Juventus secured a 3-1 aggregate win over Lyon at home in Turin on Thursday night and the place in the Europa League semi-finals that comes with it. But their performances are not what one expects from a side perceived to be the favourites for the trophy. One-dimensional at times and lacking in energy and ideas, the Bianconeri were good enough to defeat their French opponents, but will they be good enough against better challengers?
It’s important to note that whilst the performance was not up to par, it is not right to criticise these players too harshly. At this stage of the season, players are exhausted. Antonio Conte’s tactics and style of management impacts the squad both psychically and emotionally and it’s time to realise that whilst superior technique may carry them in certain games, until Juve bolster the squad to allow for tactical variants, they may not be able to leave their mark on the greatest competition: the Champions League.
The Bianconeri lack various skills that would have helped them overcome Lyon’s physical and suffocating method of play more easily. Their tactics are predictable due to a lack of options. There is no direct player that intelligently utilises the space on the wings, nor a player capable of delivering accurate crosses, whilst the midfield is heavily reliant on Andrea Pirlo’s vision. Leonardo Bonucci simply doesn’t have enough to rely on as an alternative in these matches.
Despite how much Rafa Benitez continues to point out the squad depth Juventus can boast due to their revenue, it is simply not as deep as one would like. Intensity- and energy-expending styles of play can only get you so far. Juve’s game lacked intelligence, which only further highlights why this competition should be the club’s priority going forward.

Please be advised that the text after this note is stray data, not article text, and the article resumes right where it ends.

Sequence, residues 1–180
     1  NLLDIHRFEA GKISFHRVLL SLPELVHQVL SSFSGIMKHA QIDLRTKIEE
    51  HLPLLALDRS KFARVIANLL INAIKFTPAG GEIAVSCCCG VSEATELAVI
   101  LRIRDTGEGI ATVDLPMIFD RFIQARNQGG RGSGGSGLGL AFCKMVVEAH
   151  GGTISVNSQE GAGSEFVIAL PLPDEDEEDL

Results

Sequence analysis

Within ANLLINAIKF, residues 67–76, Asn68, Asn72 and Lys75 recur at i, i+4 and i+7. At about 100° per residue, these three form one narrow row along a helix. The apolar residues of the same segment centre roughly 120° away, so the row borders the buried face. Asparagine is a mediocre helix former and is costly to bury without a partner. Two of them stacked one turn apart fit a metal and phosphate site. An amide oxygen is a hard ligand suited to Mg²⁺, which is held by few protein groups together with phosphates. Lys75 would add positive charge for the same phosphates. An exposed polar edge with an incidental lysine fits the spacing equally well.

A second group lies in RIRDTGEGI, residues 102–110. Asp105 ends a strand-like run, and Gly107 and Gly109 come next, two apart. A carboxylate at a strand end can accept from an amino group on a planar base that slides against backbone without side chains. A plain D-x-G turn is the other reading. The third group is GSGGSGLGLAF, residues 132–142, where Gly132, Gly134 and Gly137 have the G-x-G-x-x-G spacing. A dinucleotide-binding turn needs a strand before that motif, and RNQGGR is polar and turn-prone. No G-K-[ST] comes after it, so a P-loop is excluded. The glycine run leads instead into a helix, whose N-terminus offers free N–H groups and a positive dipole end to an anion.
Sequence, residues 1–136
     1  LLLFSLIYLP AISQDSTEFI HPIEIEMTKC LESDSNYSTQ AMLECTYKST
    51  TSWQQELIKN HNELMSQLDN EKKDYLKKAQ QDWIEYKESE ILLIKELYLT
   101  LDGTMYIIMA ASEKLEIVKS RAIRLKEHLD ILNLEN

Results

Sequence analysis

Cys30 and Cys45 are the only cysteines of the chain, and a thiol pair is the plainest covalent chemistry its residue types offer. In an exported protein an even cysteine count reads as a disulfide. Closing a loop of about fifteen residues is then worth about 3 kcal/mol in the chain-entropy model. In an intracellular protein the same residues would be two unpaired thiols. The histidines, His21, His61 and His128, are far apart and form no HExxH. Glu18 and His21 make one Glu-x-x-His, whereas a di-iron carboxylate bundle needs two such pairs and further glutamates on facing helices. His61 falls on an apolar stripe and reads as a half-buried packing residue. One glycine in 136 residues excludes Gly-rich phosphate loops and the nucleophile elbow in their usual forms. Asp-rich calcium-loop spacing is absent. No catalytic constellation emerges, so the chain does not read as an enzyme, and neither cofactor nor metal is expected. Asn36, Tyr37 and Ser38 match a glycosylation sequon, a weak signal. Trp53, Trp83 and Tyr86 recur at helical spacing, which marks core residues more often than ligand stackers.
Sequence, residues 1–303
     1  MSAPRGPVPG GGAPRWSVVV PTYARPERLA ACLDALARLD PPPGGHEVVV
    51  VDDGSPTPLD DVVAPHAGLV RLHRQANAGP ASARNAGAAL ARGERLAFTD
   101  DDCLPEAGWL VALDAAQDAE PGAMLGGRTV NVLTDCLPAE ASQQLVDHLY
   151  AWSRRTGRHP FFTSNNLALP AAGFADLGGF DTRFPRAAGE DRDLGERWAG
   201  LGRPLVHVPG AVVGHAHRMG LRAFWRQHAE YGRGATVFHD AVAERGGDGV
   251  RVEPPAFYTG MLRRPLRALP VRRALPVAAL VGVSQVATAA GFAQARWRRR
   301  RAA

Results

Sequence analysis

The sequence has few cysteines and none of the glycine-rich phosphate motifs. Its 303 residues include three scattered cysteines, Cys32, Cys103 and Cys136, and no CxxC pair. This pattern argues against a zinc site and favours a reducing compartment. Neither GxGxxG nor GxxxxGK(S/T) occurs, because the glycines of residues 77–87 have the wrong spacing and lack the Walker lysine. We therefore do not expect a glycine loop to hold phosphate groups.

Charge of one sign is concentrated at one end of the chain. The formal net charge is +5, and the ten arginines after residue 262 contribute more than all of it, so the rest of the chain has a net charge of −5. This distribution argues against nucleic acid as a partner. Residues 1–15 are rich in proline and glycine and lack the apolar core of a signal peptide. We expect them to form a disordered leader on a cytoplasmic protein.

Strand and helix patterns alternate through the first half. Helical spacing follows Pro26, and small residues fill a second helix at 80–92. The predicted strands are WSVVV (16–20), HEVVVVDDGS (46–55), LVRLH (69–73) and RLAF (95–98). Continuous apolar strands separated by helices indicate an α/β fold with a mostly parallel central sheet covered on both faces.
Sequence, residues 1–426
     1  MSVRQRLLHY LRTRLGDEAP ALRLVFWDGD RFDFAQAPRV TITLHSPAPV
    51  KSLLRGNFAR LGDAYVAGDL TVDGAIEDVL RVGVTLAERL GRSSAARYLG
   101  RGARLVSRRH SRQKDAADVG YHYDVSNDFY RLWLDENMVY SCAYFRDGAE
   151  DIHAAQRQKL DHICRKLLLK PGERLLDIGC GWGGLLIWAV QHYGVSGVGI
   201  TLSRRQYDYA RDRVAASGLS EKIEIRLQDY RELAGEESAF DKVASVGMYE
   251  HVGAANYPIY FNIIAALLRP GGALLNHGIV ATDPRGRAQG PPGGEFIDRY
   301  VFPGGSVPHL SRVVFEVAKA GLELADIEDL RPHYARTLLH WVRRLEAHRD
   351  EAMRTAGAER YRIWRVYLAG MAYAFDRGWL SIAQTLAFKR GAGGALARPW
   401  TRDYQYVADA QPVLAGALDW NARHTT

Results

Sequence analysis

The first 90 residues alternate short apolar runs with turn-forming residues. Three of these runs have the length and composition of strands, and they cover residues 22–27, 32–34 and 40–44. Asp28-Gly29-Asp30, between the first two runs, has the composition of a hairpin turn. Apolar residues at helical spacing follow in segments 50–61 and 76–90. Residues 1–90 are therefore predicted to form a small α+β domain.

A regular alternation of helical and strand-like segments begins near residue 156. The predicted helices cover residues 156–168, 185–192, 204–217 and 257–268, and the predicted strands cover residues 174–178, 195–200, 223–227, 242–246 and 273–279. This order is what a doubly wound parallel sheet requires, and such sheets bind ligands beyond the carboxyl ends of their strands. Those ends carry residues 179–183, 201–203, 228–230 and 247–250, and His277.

Whilst this blog places great emphasis on winning for the sake of Italy, a European success would benefit Juventus players the most. They desperately need the experience of playing against other European teams and their coach needs the practice to improve his tactical tinkering when facing continental opponents -- even the lower-level ones. Having already suffered certain troubles against the French side last week, one assumed the Italian tactician and his men would look at ways of exposing Lyon’s flaws and ensuring they don’t fall into the same traps. Yet it seemed Remi Garde’s men were the more prepared whilst Juventus continued to deliver their usual ball over the top on the off chance a forward could latch on, control and score.
For such a strategy, one cannot understand why Fernando Llorente did not start. The fact that Juve’s game is based around pinging balls over the top, who better to keep the ball and bring others into play than the tall man up front? One of the main reasons he was brought into the side was because he offers a Plan B, a plan the Old Lady has had to resort to in these matches against Lyon due to the French side’s sheer strength and ability to man-mark effectively. Perhaps it is a question of resting Llorente. But it seems more logical that Conte would play his best side in these European matches -- and the post-match questions from Italian media indicated the same. Rotation? If it must happen, and it must, then let them rotate in Serie A matches as one Juve fan opined.
These long balls and predicable passes were terribly easily for Lyon to handle. Forward balls were being forced as opposed to managing composed maneuvers and ball retention in the final third. Keep it, hold it and rotate it until avenues are opened. Runs must be made to create gaps, mobility is key but most importantly, possession of the ball in the right areas must be kept.
Juventus were sloppy and careless when on the ball. Lyon were gifted possession on too many occasions and for a side that hardly boasts great quality, they had control of the ball for far too long and much more than they should have been allowed. Juventus simply couldn’t find a way to penetrate effectively or to speed up their actions whilst still maintaining accuracy.
The bottome line is that Juve’s tactics must be worked upon and more quality players added to the squad if they are to make the step up in Europe.
Nonetheless, it was a special night for Italy’s Old Lady as finally after six years, the peninsula has a representative in the semi-finals of the competition. For all that they have achieved this season and under Conte, they certainly deserve to be celebrating their glories even if one cannot help but demand more from the country’s most successful footballing side.